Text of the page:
Sunday, January 31, 2010

What’s so Important about a Lineage, anyways?

A lineage is a complicated thing. In anthropology it is a descent group that can demonstrate a connection or evolution from a common ancestor. In evolution, one’s lineage connects us to our relations from a common forebear. In Buddhism, lineage is the line of transmission of Buddhist teachers. In martial arts, a lineage is a line of teachers within a particular discipline. But in Traditional Wicca / Witchcraft, a Lineage is a direct line of power within a Tradition. This line of power is passed at one’s Initiation.

Initiation means “to start”. That’s what it is…no matter how much you’ve learned, studied, experienced, your Initiation is the beginning of a new spiritual life. On my own Initiation night, my High Priest said to me, “Now your training really starts.” Much as it chagrins me to say it, he was right.

When a person is Initiated in Traditional Witchcraft, it is more than a ritual recognizing that they’ve put in a certain amount of time or have completed the Tradition’s curriculum. An Initiation shows that a person has demonstrated mastery of the concepts of the Tradition – on an academic and practical level – which shows that they are now ready to connect to the Tradition group mind/soul. The Initiator passes on that Power to the Initiate.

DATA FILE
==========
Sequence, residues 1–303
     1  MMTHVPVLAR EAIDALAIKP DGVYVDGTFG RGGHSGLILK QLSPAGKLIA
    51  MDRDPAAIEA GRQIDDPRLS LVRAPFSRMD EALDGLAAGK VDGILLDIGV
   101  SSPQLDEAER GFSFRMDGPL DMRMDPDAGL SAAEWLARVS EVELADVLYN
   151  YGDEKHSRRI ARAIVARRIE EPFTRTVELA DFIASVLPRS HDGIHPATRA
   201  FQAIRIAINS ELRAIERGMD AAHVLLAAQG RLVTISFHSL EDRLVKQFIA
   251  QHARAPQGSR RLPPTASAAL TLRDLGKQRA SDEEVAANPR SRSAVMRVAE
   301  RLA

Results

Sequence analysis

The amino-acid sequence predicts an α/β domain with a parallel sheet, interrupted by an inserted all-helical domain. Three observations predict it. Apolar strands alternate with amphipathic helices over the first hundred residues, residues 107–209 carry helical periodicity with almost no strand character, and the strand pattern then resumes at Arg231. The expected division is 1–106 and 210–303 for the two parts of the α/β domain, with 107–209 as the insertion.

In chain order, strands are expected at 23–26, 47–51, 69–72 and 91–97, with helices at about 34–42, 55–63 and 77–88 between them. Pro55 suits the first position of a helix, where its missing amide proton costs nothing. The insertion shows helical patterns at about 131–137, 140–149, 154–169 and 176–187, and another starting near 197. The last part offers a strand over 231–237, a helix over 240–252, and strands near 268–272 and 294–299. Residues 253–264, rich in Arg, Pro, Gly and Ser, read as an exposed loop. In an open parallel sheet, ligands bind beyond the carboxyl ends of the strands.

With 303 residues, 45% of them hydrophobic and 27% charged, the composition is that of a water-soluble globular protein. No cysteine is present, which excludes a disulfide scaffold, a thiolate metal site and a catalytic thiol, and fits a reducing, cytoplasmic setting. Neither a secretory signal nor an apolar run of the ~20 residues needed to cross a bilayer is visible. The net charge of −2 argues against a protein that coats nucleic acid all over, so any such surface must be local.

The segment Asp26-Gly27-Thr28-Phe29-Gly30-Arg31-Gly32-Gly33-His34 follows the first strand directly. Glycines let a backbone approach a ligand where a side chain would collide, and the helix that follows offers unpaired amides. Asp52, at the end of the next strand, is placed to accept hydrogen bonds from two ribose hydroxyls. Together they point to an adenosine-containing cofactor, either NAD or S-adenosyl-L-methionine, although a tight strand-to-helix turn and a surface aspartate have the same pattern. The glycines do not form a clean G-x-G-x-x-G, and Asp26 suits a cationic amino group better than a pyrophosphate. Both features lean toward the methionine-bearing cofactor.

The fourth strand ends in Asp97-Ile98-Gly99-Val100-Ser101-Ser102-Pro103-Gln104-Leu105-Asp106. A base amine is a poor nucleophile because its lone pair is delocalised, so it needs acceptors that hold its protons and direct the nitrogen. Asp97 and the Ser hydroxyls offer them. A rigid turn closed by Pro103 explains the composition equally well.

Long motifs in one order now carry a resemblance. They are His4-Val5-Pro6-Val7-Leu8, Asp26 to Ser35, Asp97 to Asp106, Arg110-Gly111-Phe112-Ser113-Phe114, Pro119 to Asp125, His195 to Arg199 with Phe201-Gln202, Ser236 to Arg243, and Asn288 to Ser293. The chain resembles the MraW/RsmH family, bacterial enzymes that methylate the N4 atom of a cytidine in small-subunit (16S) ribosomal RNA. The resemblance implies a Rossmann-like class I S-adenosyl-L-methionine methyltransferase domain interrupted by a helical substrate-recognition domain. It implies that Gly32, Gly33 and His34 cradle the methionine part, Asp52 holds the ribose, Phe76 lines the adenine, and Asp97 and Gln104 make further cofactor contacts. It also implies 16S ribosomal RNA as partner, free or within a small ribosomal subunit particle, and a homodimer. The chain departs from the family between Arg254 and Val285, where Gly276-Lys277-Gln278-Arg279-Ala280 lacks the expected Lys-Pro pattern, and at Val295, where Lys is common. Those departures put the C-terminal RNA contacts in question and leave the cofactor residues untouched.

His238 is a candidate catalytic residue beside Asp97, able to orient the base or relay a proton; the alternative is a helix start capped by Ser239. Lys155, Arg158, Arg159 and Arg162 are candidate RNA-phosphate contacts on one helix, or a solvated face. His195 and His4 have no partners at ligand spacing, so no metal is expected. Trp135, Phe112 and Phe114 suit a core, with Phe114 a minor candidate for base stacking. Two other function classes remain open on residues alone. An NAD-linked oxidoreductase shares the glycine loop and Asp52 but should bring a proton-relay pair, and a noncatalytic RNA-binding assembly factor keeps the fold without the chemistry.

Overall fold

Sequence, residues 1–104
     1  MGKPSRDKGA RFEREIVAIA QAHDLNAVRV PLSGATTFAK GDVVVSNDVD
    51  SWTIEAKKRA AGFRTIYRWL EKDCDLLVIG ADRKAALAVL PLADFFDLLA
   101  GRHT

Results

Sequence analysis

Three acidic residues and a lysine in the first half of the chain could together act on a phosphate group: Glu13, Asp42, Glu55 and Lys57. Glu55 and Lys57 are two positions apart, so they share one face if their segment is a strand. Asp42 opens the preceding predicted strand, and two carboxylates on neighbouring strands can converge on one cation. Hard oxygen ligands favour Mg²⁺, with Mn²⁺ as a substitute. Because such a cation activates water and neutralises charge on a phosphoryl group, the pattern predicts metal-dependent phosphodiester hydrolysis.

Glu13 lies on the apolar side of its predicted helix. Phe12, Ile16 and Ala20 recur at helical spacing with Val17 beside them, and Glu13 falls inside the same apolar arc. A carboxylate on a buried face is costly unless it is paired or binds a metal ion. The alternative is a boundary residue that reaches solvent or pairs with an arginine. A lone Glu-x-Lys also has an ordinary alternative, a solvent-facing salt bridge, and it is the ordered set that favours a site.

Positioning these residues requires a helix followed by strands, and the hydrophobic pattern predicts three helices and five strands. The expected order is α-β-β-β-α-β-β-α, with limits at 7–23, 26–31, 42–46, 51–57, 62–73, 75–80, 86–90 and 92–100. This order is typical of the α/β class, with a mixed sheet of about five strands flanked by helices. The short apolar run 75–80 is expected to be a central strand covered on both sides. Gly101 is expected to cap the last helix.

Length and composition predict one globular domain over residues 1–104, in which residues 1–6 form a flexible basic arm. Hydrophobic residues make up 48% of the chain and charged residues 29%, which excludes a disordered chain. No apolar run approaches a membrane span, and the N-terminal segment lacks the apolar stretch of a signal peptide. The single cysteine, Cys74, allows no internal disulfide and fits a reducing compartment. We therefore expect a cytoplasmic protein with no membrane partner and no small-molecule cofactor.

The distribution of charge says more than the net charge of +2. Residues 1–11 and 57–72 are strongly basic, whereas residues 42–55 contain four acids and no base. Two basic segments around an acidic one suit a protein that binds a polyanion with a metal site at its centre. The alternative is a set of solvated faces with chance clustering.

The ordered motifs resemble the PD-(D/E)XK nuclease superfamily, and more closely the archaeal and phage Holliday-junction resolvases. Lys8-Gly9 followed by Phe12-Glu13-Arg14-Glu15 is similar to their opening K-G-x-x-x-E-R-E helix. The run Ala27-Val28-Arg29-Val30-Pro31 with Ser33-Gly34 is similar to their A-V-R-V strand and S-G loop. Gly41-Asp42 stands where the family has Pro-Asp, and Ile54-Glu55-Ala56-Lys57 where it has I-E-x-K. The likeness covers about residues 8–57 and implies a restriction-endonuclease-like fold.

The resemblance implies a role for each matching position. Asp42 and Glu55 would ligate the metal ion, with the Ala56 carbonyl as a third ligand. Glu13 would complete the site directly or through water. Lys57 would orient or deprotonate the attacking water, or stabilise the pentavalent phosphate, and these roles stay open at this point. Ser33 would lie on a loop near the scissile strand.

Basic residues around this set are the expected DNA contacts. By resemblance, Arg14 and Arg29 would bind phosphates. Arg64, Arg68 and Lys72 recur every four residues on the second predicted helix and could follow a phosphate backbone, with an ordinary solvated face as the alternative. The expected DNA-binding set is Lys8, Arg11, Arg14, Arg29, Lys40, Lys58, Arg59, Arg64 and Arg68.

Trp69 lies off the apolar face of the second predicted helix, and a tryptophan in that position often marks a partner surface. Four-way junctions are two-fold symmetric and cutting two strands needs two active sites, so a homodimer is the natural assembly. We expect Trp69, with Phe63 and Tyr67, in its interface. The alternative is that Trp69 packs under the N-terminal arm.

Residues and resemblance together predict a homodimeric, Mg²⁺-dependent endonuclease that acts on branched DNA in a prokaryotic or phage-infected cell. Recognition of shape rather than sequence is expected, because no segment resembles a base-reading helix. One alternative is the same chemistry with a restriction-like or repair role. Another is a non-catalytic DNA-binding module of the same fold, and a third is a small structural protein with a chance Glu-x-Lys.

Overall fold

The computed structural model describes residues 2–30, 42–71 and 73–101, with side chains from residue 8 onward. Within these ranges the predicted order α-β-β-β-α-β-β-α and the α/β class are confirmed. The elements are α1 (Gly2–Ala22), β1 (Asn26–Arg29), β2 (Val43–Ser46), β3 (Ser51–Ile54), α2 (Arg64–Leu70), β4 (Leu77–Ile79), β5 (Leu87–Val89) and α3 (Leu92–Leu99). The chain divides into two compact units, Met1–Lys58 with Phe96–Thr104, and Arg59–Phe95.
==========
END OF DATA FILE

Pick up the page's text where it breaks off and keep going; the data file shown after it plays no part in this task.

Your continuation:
In Traditional Witchcraft, your Lineage is sacred. It details the unbroken line that your Tradition had from its founder to you, and then to those you’ve Initiated in turn. In it, you see the evolution of your Tradition and how you and your Tradition have grown throughout the years.

This is not only seen in Traditional Witchcraft, although you will see it more often than not in that dynamic. Eclectic Witchcraft/Wicca can have their own type of lineage, where they connect the group Egregore to their members. The individual then takes part in the creation, development and maintenance of that Egregore. What’s an Egregore? Well, it’s an occult term which represents a thoughtform or collective group mind – it is the entity of a coven, Tradition, or other type of magickal working group which is greater than the sum of its parts. An Egregore is why each coven/Tradition/working group has a “personality” apart from any of the participants, including the leaders.